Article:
STRENGTHS DEVELOPMENT can be a powerful factor in creating and sustaining a workplace culture that allows innovation to prosper and flourish – and employee engagement can intensify this effect, according to recent US research.
It found that 30 per cent of employees felt their organisation was committed to building their strengths, and of these employees, 54 per cent thought their current job brings out their most creative ideas.
In contrast, of the nearly 50 per cent of workers who did not feel that their organisation was committed to building their strengths, only 1 in 10 strongly believed their current job brings out their most creative ideas.
Companies that want to create a culture that drives innovation must do more than develop employee strengths, according to Gallup, which conducted the study of more than 1,000 US employees.
If creativity is to thrive, companies and supervisors need to be receptive to new ideas. Fifty-eight per cent of employees who said that their organisation is committed to building their strengths also said that their employer encourages new ideas that defy conventional wisdom.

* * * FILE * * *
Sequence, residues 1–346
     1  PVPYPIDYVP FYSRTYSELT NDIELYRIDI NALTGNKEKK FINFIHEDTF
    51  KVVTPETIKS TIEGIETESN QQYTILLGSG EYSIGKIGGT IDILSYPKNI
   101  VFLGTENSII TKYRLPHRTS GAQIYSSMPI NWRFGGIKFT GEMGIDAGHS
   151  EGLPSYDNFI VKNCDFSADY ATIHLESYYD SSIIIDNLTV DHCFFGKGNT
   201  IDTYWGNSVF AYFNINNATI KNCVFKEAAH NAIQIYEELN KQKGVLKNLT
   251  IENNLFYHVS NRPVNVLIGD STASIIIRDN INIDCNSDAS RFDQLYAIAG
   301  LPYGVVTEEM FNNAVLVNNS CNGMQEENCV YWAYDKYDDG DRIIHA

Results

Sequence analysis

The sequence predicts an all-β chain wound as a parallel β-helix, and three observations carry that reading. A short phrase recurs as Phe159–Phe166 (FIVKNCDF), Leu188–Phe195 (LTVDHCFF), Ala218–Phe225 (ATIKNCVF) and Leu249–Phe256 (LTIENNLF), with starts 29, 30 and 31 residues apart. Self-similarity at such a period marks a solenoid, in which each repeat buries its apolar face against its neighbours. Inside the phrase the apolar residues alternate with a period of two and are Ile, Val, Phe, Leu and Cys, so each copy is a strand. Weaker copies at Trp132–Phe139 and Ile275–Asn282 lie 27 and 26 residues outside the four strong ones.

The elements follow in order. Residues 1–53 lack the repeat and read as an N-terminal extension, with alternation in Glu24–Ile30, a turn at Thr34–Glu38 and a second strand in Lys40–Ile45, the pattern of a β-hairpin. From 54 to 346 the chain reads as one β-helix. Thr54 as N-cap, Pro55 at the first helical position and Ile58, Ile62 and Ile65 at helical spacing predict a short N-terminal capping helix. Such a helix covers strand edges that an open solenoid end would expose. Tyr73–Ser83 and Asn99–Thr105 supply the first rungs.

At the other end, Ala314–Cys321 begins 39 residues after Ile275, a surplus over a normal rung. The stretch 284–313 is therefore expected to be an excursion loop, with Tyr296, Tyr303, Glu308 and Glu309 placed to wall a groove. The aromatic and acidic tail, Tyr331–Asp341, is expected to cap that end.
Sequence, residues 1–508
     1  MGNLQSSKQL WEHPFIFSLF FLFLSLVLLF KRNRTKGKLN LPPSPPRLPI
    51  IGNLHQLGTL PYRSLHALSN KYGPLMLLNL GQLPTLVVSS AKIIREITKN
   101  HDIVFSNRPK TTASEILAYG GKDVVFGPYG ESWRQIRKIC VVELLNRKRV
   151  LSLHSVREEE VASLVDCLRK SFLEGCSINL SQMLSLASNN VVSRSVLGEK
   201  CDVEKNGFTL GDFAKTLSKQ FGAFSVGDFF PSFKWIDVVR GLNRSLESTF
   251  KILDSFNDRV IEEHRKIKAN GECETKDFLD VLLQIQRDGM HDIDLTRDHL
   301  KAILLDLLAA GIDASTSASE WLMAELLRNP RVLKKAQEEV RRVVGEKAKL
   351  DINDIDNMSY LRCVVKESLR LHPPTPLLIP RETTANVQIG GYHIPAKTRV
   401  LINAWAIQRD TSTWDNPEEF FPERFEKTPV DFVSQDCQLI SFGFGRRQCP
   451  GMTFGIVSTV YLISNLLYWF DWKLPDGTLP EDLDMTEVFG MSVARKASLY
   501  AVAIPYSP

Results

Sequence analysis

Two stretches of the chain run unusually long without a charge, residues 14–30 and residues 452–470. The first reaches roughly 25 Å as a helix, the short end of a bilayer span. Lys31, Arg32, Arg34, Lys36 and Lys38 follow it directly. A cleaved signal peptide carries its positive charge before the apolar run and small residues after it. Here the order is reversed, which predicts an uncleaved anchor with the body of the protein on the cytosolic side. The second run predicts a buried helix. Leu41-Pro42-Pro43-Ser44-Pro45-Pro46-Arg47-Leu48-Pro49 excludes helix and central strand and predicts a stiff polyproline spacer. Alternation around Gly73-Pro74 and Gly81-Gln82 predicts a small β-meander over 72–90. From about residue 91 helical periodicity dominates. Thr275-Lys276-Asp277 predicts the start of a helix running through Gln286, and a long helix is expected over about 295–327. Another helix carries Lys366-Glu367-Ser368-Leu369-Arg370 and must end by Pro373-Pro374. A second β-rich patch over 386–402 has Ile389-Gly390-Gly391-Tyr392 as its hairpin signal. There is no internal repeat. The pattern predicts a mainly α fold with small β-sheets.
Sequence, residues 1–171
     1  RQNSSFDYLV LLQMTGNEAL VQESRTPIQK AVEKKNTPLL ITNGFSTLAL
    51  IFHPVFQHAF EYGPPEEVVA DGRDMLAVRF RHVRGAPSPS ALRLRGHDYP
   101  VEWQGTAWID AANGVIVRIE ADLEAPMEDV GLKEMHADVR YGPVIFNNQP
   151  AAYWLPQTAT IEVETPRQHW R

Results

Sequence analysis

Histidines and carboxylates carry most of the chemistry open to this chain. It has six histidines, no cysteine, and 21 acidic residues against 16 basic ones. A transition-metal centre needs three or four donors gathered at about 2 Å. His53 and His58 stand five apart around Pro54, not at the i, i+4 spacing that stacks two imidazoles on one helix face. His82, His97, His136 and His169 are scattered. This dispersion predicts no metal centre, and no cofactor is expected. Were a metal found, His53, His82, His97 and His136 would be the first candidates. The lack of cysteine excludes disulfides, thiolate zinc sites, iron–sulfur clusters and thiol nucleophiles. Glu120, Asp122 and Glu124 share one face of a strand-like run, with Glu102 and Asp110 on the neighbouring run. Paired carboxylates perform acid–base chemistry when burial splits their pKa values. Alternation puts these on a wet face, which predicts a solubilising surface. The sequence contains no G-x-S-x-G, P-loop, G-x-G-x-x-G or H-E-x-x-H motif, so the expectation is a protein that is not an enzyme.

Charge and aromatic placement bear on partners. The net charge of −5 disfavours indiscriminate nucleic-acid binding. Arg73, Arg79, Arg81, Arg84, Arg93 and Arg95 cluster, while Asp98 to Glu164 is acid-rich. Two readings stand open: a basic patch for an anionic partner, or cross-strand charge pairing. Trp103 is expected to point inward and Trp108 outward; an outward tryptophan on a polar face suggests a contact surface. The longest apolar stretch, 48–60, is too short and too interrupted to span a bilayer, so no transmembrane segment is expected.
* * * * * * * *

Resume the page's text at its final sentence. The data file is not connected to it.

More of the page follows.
Similarly, when respondents were asked if their supervisor focuses on their strengths and if their company encourages new ideas that defy conventional wisdom, almost half (48 per cent) said that both conditions were present in their work life.
The impact of these factors – focusing on strengths and encouraging new ideas – was even more evident. Sixty-five percent of all engaged employees stated that their organisation is committed to building employee strengths and encourages new ideas that defy conventional wisdom.
Among actively disengaged employees, this number plummets to a mere 2 per cent.
The research also found managers play a role in spurring creativity among employees. Just over half (51 per cent) of employees felt that their manager focuses on their strengths or positive characteristics and strongly agreed that they feed off the creativity of their colleagues.
Fewer than 1 in 10 actively disengaged workers who disagreed that strengths were a focus strongly agreed that they feed off the creativity of their coworkers.
Strong friendships at work pay off for businesses in significant ways, according to Gallup. Employees who have best friends at work are seven times more likely to be engaged in their jobs.